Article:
"Good Laser Hull: spars have been nicked. Will swap for a reasonable tinny or WHY."

    after all Laser hulls do die, so there's a good chance someone out there needs a less beat up hull and both parties end up with a better craft...

    And come to that anything with more freeboard will be better than the Laser: I've seen photos of a really neat fast runabout converted from an old 14 footer.
  10. upchurchmr
    Joined: Feb 2011
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    upchurchmr Senior Member

    I think after you mount the false transom, you should borrow a lawn chair from the DIY-Tri-Guy and mount it over the footwell. More comfortable fishing, much better image cruising at 10MPH on the way to the fishing spot. I'd really like a picture when you finish.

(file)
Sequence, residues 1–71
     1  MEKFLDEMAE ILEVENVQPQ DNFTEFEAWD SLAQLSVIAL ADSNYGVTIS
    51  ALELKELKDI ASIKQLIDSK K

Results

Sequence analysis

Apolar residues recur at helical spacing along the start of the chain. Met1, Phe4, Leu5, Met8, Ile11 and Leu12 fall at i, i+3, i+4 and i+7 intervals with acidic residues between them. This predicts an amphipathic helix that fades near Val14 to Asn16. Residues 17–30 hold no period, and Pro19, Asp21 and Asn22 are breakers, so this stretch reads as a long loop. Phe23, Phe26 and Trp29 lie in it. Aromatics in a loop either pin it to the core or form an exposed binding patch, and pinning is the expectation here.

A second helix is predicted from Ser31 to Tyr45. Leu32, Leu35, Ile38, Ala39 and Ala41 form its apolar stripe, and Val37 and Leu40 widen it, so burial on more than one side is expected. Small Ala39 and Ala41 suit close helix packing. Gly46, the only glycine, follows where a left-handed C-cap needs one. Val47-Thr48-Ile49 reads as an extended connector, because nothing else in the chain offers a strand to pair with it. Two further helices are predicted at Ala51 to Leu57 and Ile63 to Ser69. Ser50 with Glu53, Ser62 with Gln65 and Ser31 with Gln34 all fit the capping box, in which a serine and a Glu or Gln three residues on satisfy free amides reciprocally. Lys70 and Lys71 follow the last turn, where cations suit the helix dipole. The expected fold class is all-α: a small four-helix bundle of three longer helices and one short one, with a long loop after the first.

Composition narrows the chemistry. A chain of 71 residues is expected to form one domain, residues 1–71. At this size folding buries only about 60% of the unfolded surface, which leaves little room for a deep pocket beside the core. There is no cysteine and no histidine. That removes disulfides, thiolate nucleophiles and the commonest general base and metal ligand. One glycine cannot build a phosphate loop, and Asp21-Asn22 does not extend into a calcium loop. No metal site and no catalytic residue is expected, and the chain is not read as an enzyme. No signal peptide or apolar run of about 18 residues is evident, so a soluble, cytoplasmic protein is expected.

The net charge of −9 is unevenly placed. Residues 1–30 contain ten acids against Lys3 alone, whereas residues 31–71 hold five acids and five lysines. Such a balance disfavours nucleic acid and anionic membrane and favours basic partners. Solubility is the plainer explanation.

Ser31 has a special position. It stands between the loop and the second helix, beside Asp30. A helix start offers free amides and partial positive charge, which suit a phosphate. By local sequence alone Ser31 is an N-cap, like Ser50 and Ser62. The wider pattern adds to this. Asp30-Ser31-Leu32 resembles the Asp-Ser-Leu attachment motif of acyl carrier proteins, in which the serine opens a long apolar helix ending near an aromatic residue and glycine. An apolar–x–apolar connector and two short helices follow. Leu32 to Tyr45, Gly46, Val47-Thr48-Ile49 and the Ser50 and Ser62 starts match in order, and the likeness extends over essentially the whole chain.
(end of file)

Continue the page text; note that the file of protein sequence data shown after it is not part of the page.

11. PAR
    Joined: Nov 2003
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    PAR Yacht Designer/Builder

    The Laser is really a flat bottomed boat with radiused chines Tom. They skid a bit and you either vent enough, slowing the boat dramatically, where it bites and accepts the helm input or you lower centerboard a tad and it does fairly well. A 2 HP can't push it especially fast. A Laser has about 5 HP in it's rig in force 4 wind strengths, so the math isn't especially difficult for a 2 HP. Trimmed properly, he might see low double digits, but likely high singles. The last boat I did this to was a US 1, which is a bit larger preformance dinghy with hard chines. It did about 13 MPH with a 3 HP.